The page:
Lead to…? –

June 5, 2020 – “But the same way we do with food and exercise and concerns about obesity, we want to have some benchmarks for how to stay healthy.”  Kelly Rubinsohn, an opera singer in Philadelphia who has a day job as an office manager at an architectural firm, lost both gigs when the quarantine started. Drinking has been a salve during a difficult time, she said.

“There is literally nothing else to control,” she said. “I can at least make a cocktail.”

Historically, drinking and drug use rise when people experience wars, terrorist attacks or natural disasters, but those are typically localized events, said Adam Leventhal, director of the University of Southern California Institute for Addiction Science.

“A pandemic of this magnitude affecting the entire globe is something we’ve never encountered before,” he said. “Every person is being affected by it.”

A study published in April in the Asian Journal of Psychiatry showed a sharp increase among people in China, where the pandemic originated, who reported “harmful drinking” during isolation. People between the ages of 21 and 40 were particularly susceptible, the study found.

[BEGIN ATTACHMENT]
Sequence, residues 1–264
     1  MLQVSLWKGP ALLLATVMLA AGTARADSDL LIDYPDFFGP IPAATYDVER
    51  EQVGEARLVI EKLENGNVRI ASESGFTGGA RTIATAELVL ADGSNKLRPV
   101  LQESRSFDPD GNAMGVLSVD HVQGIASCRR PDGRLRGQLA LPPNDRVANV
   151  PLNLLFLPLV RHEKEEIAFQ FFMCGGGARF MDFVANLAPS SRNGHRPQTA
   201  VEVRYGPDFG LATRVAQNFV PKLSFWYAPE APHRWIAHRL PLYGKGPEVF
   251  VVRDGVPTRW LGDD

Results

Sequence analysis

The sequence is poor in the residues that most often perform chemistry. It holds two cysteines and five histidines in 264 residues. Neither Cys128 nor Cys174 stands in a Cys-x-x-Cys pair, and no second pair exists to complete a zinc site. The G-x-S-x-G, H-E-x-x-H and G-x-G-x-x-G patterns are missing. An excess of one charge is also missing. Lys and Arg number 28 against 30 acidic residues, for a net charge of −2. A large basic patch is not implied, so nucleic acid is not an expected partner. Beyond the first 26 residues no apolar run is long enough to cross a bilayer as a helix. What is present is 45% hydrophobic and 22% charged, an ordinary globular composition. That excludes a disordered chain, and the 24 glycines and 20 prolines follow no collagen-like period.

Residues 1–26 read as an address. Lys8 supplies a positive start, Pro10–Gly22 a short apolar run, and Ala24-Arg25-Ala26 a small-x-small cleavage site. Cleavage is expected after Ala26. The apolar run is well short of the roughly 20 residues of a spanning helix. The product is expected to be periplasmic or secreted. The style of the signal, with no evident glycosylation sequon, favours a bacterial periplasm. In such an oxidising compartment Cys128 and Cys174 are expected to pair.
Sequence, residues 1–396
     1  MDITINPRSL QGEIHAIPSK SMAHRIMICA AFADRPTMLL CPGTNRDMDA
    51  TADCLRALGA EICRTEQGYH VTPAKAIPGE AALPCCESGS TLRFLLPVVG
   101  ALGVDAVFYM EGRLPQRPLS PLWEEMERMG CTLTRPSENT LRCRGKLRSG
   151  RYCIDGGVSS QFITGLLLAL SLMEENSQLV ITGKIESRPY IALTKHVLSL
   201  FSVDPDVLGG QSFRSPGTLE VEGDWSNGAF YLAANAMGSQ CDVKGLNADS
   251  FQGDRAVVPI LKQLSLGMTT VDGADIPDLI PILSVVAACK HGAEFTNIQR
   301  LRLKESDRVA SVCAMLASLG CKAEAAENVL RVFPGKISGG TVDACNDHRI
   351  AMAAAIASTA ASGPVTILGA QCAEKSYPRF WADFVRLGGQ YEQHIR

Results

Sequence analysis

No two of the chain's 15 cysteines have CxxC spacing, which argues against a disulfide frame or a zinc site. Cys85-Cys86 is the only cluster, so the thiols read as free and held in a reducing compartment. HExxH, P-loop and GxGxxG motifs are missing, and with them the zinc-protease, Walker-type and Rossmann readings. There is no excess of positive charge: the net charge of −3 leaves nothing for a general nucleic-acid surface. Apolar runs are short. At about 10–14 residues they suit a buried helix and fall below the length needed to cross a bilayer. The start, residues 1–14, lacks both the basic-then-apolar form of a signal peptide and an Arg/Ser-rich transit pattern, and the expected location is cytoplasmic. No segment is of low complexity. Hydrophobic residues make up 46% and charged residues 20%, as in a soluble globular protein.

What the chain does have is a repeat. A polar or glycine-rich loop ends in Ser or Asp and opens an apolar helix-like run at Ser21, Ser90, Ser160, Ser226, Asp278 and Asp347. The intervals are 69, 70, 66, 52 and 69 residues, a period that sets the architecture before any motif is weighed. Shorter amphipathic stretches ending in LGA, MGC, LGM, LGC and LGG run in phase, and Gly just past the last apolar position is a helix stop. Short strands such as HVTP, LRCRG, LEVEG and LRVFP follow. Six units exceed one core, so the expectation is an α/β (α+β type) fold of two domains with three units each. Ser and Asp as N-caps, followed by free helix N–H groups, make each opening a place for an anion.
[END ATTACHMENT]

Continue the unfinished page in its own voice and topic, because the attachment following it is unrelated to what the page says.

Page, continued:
Harmful drinking is defined as drinking to excess in a way that leads to health problems. Alcohol dependency, or alcoholism, is characterized by cravings that are difficult to control and a preoccupation with alcohol that leads to continued drinking even when a person knows it will have negative consequences.

@StarTribune

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